• 5
    also, don't forget to import: from django.core.exceptions import ObjectDoesNotExist – Moti Radomski Jul 22 '14 at 13:07
12

You can do it this way:

go  = Content.objects.filter(name="baby").first()

Now go variable could be either the object you want or None

Ref: https://docs.djangoproject.com/en/1.8/ref/models/querysets/#django.db.models.query.QuerySet.first

11

you could use exists with a filter:

Content.objects.filter(name="baby").exists()
#returns False or True depending on if there is anything in the QS

just an alternative for if you only want to know if it exists

  • 2
    That would cause an extra database call when exists. Not a good idea – Christoffer Nov 25 '15 at 16:36
  • @Christoffer not sure why would that be an extra db call. As per the docs: Note: If you only want to determine if at least one result exists (and don’t need the actual objects), it’s more efficient to use exists(). – Anupam May 1 '18 at 9:03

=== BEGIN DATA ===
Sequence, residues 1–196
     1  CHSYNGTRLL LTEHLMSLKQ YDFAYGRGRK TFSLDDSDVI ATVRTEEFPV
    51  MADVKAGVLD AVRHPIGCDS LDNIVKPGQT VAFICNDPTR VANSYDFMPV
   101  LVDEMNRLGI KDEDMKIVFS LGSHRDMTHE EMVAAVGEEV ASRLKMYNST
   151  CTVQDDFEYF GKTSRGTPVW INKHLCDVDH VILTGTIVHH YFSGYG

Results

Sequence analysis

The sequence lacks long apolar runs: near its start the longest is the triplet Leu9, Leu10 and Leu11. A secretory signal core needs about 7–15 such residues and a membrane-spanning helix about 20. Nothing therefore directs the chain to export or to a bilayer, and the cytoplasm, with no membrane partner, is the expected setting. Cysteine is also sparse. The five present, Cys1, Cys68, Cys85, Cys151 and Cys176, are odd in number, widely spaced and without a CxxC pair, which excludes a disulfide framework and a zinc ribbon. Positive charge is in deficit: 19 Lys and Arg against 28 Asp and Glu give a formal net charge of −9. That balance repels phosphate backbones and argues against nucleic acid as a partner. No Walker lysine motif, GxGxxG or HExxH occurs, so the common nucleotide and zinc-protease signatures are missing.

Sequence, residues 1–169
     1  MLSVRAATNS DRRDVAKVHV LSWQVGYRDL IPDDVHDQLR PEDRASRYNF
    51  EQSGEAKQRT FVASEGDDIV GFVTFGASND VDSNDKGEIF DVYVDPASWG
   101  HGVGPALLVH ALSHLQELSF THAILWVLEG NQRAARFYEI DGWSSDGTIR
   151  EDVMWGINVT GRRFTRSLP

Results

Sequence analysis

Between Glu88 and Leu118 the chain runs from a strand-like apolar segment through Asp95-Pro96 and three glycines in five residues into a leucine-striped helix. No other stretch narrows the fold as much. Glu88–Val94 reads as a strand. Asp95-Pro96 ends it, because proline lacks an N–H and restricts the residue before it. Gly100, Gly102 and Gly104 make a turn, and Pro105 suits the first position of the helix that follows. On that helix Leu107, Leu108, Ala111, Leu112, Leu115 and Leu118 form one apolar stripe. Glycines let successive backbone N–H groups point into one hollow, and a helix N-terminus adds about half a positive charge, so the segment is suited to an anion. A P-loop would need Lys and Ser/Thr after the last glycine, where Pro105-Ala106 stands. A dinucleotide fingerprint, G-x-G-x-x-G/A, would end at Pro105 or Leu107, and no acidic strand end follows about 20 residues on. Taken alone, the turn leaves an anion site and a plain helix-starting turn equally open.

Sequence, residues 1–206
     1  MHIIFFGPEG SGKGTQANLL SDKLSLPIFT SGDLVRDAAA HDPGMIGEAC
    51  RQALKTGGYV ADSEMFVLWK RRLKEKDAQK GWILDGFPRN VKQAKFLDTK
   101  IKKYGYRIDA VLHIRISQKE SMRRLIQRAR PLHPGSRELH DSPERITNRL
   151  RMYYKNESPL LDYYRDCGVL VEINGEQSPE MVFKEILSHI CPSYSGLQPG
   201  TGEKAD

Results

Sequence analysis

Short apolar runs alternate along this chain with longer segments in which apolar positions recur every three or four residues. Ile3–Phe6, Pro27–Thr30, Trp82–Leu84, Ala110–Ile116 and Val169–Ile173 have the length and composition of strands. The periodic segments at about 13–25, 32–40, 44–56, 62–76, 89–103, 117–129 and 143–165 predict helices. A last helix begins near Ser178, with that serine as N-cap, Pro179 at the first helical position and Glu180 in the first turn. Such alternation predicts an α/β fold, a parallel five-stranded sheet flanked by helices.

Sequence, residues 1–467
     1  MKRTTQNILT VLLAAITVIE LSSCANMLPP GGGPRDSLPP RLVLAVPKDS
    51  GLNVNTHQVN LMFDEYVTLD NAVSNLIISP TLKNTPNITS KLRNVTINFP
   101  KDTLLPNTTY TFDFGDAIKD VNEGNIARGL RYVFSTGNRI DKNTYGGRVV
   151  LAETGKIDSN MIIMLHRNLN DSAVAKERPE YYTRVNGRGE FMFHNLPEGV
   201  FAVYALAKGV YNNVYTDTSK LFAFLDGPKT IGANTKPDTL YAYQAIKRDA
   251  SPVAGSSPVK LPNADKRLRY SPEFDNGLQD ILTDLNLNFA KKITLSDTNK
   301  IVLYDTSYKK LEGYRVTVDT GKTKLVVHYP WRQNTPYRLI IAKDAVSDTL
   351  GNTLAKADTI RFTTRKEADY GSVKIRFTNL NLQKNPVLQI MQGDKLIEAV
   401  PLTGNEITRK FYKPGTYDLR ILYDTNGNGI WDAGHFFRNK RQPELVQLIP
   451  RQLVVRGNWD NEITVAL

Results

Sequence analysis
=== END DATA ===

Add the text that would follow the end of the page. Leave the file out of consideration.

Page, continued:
• 1
    @Christoffer I think you are right. I now read the question again and the OP actually wants the actual object to be returned. So exists() will be used with if clause before fetching the object hence causing a double hit to the db. I'll still keep the comment around in case it helps someone else. – Anupam May 1 '18 at 9:07
7

Handling exceptions at different points in your views could really be cumbersome..What about defining a custom Model Manager, in the models.py file, like

class ContentManager(model.Manager):
    def get_nicely(self, **kwargs):
        try:
            return self.get(kwargs)
        except(KeyError, Content.DoesNotExist):
            return None

and then including it in the content Model class

class Content(model.Model):
    ...
    objects = ContentManager()

In this way it can be easily dealt in the views i.e.

post = Content.objects.get_nicely(pk = 1)
if post:
    # Do something
else:
    # This post doesn't exist
  • 1